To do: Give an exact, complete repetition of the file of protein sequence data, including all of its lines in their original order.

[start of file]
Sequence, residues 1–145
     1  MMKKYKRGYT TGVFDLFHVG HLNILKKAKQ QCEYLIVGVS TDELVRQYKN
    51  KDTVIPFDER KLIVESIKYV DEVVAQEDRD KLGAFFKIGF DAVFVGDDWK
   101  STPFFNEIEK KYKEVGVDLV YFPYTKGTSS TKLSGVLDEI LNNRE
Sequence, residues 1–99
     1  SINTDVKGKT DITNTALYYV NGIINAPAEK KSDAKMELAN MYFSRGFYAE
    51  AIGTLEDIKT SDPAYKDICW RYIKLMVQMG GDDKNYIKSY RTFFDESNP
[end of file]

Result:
Sequence, residues 1–145
     1  MMKKYKRGYT TGVFDLFHVG HLNILKKAKQ QCEYLIVGVS TDELVRQYKN
    51  KDTVIPFDER KLIVESIKYV DEVVAQEDRD KLGAFFKIGF DAVFVGDDWK
   101  STPFFNEIEK KYKEVGVDLV YFPYTKGTSS TKLSGVLDEI LNNRE
Sequence, residues 1–99
     1  SINTDVKGKT DITNTALYYV NGIINAPAEK KSDAKMELAN MYFSRGFYAE
    51  AIGTLEDIKT SDPAYKDICW RYIKLMVQMG GDDKNYIKSY RTFFDESNP